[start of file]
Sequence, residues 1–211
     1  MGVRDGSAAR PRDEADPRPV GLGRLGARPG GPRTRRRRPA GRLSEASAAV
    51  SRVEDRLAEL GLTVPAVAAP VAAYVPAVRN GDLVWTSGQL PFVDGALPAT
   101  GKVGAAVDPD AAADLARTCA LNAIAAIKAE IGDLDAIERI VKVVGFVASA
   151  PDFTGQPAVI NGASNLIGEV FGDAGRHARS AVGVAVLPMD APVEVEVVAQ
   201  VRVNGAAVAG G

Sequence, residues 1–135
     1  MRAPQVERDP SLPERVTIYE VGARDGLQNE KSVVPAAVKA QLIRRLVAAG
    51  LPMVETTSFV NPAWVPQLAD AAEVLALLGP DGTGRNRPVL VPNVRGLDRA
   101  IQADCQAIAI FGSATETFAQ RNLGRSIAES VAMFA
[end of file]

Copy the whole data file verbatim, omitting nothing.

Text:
Sequence, residues 1–211
     1  MGVRDGSAAR PRDEADPRPV GLGRLGARPG GPRTRRRRPA GRLSEASAAV
    51  SRVEDRLAEL GLTVPAVAAP VAAYVPAVRN GDLVWTSGQL PFVDGALPAT
   101  GKVGAAVDPD AAADLARTCA LNAIAAIKAE IGDLDAIERI VKVVGFVASA
   151  PDFTGQPAVI NGASNLIGEV FGDAGRHARS AVGVAVLPMD APVEVEVVAQ
   201  VRVNGAAVAG G

Sequence, residues 1–135
     1  MRAPQVERDP SLPERVTIYE VGARDGLQNE KSVVPAAVKA QLIRRLVAAG
    51  LPMVETTSFV NPAWVPQLAD AAEVLALLGP DGTGRNRPVL VPNVRGLDRA
   101  IQADCQAIAI FGSATETFAQ RNLGRSIAES VAMFA